I was impressed by the early missionaries to Ireland the more I learned about them. The task was never an easy one: converting the locals and defeating the pagan beliefs, trying to eke out an existence among these ancient woods and mountains, places so strong with myth and superstition embedded in the mist-shrouded valleys. And then the invasions by Vikings, and civil wars. And now centuries later the place still stands, albeit in ruin, but with enough pieces surviving to tell the story of what happened here.

I could appreciate the enormity of this distant history and its impact, still being felt down the centuries, surrounded by green ferny woods and severe-looking hills carved out by glaciers ages ago. It was my kind of place.

Some gurus of Buddhism and other Asian religions say we die each night when we go to sleep, and are reborn into a new life in the morning. Who we were 24 hours ago is not who we are today. Some gurus say death and rebirth occur with each breath. We live so many lives, each different from the last.

If that’s the case, then I’ve experienced rebirth this weekend. My old story angle on Buddhism in Ireland is dead and gone, but certainly not for lack of trying. Instead, Richard and I are putting together stories on the Belfast Community Circus, which focuses on teaching local youth to learn skills and self-confidence rather than religious dogma and prejudice. While everything wrong happened with the first story, everything good is happening with this one. We have plenty of interviews, information, sound bites and quotes to work with. The minimum requirements on story length and sources do not worry me. We even have good photos to work with. Before we had nothing, but today we have plenty to work with.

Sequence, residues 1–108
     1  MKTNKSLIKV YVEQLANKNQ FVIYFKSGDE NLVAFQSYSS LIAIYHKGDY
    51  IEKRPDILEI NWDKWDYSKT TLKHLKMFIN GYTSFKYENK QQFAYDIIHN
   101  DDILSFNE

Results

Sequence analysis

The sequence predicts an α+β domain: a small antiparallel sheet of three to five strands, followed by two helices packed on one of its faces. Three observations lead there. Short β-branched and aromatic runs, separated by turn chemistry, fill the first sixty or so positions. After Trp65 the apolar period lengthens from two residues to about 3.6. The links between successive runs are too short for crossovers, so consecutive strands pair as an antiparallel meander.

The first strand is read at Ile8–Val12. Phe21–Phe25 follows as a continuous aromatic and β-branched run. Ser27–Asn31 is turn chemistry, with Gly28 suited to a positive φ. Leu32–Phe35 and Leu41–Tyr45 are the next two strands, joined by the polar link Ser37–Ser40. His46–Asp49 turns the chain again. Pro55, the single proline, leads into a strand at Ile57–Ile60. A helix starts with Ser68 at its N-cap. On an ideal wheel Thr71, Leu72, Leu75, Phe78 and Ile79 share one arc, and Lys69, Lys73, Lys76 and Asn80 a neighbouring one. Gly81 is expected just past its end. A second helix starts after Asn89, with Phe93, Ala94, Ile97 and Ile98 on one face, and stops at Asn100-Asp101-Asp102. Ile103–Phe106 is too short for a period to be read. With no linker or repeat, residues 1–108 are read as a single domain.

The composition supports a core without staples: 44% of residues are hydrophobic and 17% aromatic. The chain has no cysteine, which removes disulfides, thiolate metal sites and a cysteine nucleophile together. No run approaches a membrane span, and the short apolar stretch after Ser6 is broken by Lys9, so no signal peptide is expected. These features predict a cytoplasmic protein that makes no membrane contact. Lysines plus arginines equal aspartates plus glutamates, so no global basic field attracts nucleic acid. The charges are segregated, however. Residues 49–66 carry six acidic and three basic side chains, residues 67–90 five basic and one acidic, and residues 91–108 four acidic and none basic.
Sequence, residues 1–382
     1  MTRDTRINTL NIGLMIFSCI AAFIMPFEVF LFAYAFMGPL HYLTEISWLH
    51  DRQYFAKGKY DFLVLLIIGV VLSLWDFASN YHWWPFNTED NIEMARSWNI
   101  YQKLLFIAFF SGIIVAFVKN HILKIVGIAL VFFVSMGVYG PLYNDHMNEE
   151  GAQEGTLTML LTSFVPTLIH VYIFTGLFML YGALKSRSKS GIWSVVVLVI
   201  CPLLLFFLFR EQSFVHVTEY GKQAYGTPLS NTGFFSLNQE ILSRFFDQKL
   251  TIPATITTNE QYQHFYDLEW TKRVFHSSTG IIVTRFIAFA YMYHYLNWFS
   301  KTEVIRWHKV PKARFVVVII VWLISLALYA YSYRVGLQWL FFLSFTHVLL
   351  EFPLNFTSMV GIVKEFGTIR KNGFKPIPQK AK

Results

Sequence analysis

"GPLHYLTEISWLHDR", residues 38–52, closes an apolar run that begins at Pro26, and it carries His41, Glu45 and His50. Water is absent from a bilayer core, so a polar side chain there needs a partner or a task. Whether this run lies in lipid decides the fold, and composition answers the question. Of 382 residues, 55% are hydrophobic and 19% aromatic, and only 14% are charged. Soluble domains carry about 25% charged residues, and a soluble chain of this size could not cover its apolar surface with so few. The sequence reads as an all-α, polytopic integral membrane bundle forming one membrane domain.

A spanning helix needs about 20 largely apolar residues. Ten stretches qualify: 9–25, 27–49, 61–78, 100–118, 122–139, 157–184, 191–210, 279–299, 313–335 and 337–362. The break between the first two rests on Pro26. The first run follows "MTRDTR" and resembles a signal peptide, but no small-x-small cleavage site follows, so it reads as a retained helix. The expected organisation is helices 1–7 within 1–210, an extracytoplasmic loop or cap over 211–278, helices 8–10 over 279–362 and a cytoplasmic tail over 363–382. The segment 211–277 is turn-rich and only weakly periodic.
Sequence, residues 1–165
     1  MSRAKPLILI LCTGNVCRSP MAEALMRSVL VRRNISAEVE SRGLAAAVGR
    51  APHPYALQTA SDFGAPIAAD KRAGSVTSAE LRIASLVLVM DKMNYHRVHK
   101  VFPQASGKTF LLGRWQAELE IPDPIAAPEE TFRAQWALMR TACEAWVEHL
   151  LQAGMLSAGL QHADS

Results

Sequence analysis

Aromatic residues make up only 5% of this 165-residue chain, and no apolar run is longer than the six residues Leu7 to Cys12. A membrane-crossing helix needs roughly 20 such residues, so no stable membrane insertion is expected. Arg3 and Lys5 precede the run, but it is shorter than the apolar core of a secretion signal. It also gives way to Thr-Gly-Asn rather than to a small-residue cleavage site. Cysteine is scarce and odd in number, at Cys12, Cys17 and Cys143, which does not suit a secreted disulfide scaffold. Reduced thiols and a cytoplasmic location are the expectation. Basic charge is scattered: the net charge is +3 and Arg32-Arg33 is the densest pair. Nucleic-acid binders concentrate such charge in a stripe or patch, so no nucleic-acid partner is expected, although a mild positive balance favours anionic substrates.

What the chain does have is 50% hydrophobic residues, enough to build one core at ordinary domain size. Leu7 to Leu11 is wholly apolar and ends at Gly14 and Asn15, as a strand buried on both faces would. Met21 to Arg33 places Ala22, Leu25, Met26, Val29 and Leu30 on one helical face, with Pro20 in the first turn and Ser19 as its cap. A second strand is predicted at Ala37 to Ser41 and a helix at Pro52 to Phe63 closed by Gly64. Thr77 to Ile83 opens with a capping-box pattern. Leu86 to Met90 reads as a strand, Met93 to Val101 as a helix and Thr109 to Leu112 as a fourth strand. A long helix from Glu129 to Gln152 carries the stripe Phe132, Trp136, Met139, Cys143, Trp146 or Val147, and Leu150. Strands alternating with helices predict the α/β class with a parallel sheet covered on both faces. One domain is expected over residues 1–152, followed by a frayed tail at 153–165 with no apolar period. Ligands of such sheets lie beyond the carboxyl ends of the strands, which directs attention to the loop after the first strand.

It sounds paranoid, but it’s sound advice: Have a Plan A, and then a Plan B and a Plan C. Perhaps even more than that. A story idea might look fine on paper, but it’s best to expect things to go differently the moment you walk out the door to go report. That has been my experience so far.

My plan was to cover the experience of being a Buddhist in Ireland. The idea had plenty of directions I could pick and follow, and the reception by the rest of the group was good. Richard teamed up with me once we were in Dublin, and having a teammate is a comfort. We found three Buddhist centers in the City Center, which was convenient. I emailed all three before the trip, but only one responded.  My contact liked the idea and was willing to be interviewed once I was in town. Since then his availability has gotten more and more inconvenient based on my schedule and deadlines, and visits to the centers were fruitless because they were closed and no one around. The bus ride back to the hotel was just as frustrating.  We were certainly schooled in Dublin’s public transportation.

So now we’re trawling for a new story. I’m glad I brought my St. Jude medal with me. As a perennial pessimist, I find it amusing that there’s a patron saint for lost causes. St. Jude, get me through!